Design For Lower Summer Street Promenade Project Nearly Complete

STAMFORD, CT — Lower Summer Street in Stamford between Broad and Main Streets is one of the city’s premier destinations, and a project to make the area more pedestrian friendly is getting closer to coming to fruition.

The Lower Summer Street Promenade project is currently in the 90 percent design phase and nearing completion, according to Frank Petise, transportation bureau chief for the city of Stamford.

Petise said the city is waiting to hear back on when utilities under Summer Street can be moved out of the way.

Once a timeframe is given, the project can move along quickly, Petise told Patch, with construction tentatively scheduled for winter 2022-2023.

“We’re trying to do our best not to impact the businesses during the height of the summer. We’re trying to get in there in the cooler months so we’re not digging right in front of them,” Petise said.

Petise also said he wants to schedule another public meeting soon for the community.

The area draws many pedestrians and diners, but the available space for walking and outdoor dining is limited due to narrow sidewalks.

An aerial rendering of the Lower Summer Street Promenade project. (Courtesy of City of Stamford/Fuss and O’Neill)

According to the project webpage, goals include:

  • Widened sidewalks on both sides of lower Summer Street, up to 8 feet wide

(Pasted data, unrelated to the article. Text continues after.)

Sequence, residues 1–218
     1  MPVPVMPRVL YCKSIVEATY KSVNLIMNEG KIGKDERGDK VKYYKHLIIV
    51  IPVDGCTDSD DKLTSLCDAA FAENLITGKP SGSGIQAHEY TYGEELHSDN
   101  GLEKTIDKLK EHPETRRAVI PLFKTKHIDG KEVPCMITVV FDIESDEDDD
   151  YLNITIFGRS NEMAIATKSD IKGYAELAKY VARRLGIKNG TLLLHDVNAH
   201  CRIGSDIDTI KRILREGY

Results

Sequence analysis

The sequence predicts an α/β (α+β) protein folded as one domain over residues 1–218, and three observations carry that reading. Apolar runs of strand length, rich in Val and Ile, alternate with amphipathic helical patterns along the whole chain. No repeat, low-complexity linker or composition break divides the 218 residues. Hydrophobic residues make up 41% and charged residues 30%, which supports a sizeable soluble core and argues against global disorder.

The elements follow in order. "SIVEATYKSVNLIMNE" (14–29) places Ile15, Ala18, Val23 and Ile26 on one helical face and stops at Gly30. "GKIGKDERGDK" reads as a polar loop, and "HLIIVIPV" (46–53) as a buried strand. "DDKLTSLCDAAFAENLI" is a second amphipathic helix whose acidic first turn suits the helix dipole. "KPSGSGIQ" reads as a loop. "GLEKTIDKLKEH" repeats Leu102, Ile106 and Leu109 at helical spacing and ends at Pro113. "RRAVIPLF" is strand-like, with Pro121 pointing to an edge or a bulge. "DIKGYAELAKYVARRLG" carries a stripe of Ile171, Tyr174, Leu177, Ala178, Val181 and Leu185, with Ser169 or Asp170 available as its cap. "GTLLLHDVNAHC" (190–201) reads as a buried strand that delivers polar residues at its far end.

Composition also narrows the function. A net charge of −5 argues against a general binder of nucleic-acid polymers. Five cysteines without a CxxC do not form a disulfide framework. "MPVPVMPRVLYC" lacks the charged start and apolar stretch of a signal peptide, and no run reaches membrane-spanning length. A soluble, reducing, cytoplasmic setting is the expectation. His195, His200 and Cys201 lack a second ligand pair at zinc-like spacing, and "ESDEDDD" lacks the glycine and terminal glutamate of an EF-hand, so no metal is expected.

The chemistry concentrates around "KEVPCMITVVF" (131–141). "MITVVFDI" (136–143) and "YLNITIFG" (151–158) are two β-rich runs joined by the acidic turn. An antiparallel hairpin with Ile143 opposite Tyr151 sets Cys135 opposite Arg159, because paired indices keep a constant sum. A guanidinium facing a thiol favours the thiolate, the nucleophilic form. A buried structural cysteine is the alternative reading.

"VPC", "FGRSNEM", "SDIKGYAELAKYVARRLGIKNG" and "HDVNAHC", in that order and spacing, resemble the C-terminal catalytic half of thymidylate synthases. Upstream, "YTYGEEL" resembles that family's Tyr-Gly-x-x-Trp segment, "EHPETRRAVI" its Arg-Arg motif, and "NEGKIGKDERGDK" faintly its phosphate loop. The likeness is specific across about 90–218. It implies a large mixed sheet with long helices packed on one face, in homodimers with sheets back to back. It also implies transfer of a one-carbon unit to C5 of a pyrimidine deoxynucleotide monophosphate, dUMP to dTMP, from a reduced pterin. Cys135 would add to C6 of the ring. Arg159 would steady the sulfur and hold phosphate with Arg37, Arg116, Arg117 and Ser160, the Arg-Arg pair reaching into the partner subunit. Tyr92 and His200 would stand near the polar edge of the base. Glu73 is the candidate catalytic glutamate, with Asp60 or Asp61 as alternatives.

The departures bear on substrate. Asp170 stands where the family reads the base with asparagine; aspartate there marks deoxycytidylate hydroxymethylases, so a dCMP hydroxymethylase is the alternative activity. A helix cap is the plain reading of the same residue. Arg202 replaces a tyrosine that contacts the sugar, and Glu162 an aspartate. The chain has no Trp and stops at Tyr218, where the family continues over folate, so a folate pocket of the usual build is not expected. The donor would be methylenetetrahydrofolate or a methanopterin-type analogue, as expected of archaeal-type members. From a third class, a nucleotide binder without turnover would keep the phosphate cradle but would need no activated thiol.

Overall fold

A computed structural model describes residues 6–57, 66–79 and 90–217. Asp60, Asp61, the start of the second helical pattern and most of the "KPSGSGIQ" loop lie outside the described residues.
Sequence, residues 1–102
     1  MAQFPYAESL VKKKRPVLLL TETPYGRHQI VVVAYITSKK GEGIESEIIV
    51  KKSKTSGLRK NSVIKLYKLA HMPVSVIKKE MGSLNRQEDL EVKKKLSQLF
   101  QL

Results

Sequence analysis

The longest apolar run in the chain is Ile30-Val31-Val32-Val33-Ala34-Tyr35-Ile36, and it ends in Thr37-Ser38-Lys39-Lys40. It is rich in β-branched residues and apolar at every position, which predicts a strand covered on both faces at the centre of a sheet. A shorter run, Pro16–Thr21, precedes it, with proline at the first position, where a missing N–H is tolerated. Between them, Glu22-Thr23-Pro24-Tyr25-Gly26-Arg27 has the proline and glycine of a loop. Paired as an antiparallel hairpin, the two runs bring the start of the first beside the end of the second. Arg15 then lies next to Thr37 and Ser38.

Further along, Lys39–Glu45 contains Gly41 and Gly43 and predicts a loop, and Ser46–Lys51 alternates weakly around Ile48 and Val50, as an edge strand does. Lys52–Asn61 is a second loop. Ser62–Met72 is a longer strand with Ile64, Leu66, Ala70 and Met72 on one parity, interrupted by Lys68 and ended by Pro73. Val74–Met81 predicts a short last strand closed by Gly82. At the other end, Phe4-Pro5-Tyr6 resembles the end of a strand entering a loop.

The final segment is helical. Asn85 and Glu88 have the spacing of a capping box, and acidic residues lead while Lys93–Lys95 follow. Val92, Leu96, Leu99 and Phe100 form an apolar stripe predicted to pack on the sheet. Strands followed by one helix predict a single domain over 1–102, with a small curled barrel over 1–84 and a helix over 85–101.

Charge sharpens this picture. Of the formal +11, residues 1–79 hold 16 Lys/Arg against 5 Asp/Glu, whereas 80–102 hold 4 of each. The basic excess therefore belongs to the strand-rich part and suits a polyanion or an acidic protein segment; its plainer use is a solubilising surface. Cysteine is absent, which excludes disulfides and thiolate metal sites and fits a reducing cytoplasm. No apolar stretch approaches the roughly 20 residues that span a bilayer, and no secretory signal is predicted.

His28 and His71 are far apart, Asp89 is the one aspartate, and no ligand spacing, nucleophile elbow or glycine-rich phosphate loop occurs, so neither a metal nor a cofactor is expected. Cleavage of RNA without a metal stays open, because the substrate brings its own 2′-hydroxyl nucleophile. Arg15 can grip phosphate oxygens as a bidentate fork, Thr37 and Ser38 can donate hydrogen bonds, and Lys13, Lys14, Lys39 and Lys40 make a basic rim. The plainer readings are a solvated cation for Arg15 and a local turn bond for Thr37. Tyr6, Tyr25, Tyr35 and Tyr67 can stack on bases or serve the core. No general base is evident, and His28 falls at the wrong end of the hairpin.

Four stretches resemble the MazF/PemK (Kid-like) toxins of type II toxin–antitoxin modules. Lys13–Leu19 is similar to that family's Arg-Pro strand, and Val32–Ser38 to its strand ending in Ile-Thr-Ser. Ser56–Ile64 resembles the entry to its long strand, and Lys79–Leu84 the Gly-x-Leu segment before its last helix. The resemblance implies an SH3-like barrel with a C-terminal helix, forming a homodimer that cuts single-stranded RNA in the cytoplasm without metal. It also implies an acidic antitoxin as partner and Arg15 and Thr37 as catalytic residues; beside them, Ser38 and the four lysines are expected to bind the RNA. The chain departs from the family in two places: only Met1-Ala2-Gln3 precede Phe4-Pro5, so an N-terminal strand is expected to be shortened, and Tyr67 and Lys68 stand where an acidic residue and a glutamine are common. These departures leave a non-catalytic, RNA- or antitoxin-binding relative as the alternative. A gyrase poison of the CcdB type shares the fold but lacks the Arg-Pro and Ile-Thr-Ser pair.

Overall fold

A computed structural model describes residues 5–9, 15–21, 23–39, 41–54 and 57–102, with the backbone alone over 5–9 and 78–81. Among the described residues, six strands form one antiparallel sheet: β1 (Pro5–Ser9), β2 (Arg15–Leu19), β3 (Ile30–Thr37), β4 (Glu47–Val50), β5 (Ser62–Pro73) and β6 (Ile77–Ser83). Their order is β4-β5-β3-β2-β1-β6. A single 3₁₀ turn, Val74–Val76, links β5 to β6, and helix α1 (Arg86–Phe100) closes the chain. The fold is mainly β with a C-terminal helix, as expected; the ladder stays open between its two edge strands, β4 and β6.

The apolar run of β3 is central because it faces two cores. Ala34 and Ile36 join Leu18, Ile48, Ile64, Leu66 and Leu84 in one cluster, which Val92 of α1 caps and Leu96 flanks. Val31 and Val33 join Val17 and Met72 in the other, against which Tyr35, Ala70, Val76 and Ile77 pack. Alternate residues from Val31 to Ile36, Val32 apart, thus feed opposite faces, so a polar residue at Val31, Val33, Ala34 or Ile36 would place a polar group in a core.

• Improved streetscape with new lights and trees
  • Install prominent wayfinding signs to highlight nearby parking structures that offer 24-hour parking (Bell Street Garage and Summer Street Garage),
  • Install a canopy of lights hanging over the roadway to facilitate pedestrian lighting
  • Installing a raised intersection to increase pedestrian safety and improve connection to Kiwanis park
  • A dedicated bike lane measuring 5 feet wide

The city said on its website the project was inspired by municipal designs in other cities that incorporate roadways into a vibrant community destination.

The total project costs $2 million — $600,000 is being funded by the Connecticut Department of Transportation Community Connectivity Grant Program, and the remaining $1.4 million is coming from the city of Stamford.

More importance has been placed on pedestrian-friendly spaces since the COVID-19 pandemic began.

“I think it’s extremely important,” Petise said. “I think what we saw during the pandemic is people are really enjoying pedestrian spaces. We’ve been very car-centric throughout our society here in general, so I think we’re trying to focus more on pedestrian safety and activating the street and getting people out.”

Once construction begins, Petise said it should take “a few months” to complete.

Updates on the project will be posted on the city’s website.

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